The Bava track is joined by a more conversational new commentary by Kim Newman and Barry Forshaw, who have been turning out so many tracks that they’re now go-to Sci-Fi experts as well. They hit on the discrepancies in the writing credits between the two versions, talk about the film in context with A.I.P.’s Italo co-productions. They also half-explain some topics of interest — were both Bava and Jim Nicholson involved in divorce issues during filming?  Newman says that this is the movie where Samuel Z. Arkoff banned company relatives from acting in the movies, just to rule out Susan Hart. The change required the enlistment of Norma Bengell. They then dismiss the Brazilian actress in a way I didn’t expect to hear, distinguishing her only by her ‘big boobs.’

I was intrigued to learn that Barry Sullivan thought the show was a big nothing until he saw the finished product, when he was taken by Bava’s images as much as anyone. Newman and Forshaw bring insights to a number of plot details. But when the cynical ending arrives, with its view of New York City, they compare it to Planet of the Apes, not A.I.P.’s own Voyage to the End of the Universe of two years before. The A.I.P.- imposed finish of that film is identical.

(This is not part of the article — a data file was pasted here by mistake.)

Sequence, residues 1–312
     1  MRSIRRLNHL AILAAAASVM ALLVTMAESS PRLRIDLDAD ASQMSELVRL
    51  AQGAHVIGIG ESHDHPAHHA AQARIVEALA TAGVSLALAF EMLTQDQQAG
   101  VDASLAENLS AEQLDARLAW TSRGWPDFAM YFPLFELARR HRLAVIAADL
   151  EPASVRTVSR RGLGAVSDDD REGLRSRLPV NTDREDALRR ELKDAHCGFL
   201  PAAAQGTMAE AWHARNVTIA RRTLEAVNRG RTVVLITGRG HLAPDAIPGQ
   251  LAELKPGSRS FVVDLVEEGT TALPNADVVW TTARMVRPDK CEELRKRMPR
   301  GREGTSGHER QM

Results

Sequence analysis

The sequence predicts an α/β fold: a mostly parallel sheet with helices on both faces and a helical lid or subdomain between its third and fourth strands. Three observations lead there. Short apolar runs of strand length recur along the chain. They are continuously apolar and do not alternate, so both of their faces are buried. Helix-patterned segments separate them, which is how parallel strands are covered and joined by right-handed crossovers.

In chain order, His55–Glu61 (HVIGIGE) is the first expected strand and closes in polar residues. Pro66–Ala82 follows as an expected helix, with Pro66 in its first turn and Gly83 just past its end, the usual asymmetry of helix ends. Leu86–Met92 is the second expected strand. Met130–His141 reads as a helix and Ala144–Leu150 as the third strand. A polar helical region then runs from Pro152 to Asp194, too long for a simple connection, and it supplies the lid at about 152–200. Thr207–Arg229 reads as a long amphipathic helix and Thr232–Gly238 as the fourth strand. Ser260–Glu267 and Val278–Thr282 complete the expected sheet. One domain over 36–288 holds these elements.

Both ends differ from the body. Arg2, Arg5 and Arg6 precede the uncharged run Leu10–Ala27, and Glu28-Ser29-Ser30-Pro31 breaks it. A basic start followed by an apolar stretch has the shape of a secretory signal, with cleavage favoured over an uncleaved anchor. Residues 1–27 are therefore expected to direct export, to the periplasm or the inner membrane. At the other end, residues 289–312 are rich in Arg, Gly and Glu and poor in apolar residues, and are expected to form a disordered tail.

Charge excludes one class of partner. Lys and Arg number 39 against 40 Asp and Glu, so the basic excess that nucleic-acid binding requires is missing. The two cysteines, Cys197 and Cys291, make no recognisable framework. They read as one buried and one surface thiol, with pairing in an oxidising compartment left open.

One possible reason to keep the older Blu-ray is that it includes an English translation of the entire text of Renato Pestriniero’s source story “One Night of 21 Hours.”

Reviewed by Glenn Erickson

Planet of the Vampires
Blu-ray rates:
Movie: Very Good
Video: Excellent
Sound: Excellent
New audio commentary by Kim Newman and Barry Forshaw
Audio commentary by Tim Lucas
Alternate music score highlights
Original Italian opening credits Terrore Nello Spazio
2 Trailers from Hell commentary trailers, by Joe Dante and Josh Olson
Theatrical trailer.
Deaf and Hearing-impaired Friendly? YES; Subtitles: English (feature only)
Packaging: One Blu-ray in Keep case
July 29, 2022


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About Glenn Erickson

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Glenn Erickson left a small town for UCLA film school, where his spooky student movie about a haunted window landed him a job on the CLOSE ENCOUNTERS effects crew. He’s a writer and a film editor experienced in features, TV commercials, Cannon movie trailers, special montages and disc docus. But he’s most proud of finding the lost ending for a famous film noir, that few people knew was missing. Glenn is grateful for Trailers From Hell’s generous offer of a guest reviewing haven for CineSavant.